When it opens in the fall of 2022, the “Schaap Center” at the corner of Alter Road and Jefferson Avenue will be home to the A. Paul and Carol C. Schaap Center for the Performing Arts and the Richard and Jane Manoogian Art Gallery and an additional community art gallery.
The Schaaps, who spurred the project with a property purchase in 2012, pledged a total of $15 million, and the Manoogians committed an additional $5.5 million. With other gifts that have come in, the nonprofit has raised $22.8 million of its $35 million campaign goal to cover capital costs and create a $10 million permanent endowment.
As envisioned, the nonprofit center will provide a home for the Grosse Pointe Theatre and the Grosse Pointe Symphony Orchestra and host rotating exhibits of works from private art collections around the region in its museum-quality art gallery. In addition to that, there will be community exhibit space for local and visiting artists and student artists, Jaime Rae Turnbull, interim executive director of the Schaap Center, said.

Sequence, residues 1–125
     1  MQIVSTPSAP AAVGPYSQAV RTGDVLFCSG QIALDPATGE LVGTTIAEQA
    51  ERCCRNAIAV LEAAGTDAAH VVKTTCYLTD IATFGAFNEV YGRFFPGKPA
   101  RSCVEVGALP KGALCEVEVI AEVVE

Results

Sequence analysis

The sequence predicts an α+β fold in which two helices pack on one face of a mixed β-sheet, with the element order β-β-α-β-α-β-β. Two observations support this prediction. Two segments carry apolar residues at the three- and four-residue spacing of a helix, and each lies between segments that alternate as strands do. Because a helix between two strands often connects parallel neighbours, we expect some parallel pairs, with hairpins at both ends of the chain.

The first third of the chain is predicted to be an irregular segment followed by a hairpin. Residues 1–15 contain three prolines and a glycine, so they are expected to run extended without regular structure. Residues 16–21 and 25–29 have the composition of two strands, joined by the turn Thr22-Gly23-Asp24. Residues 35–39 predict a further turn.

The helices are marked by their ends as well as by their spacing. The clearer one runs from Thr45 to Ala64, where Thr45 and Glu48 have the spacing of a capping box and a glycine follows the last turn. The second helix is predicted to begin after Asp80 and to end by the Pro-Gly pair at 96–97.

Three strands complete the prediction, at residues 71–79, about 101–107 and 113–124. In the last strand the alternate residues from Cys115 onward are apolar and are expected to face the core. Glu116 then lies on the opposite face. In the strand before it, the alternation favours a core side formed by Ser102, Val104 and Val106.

But the new center is not something that is just for the Pointes, said Lumigen Inc. founder A. Paul Schaap, who is chairing the nonprofit leading the project.
Other performing arts groups and artists from Detroit and the region will also be invited, he said. Organizers are also talking with several groups about performing at the center, including: Grosse Pointe Community Chorus, Mosaic Youth Theatre, Detroit Medical Orchestra, Detroit Concert Choir, Detroit Public Television and Michigan Opera Theatre.
Schaap said he and his wife love the theater and symphony and have supported various groups, including the Hilberry and Bonstelle theaters at Wayne State University where they both worked. The Grosse Pointe Theatre has been performing over last several years at local high schools and moving from place to place, he said.
“That’s not very good for a group of that quality; they’re going to have a wonderful home at the Schaap Center.”
They see the new center “as a potential gem” for the broader Grosse Pointe-Detroit community, he said.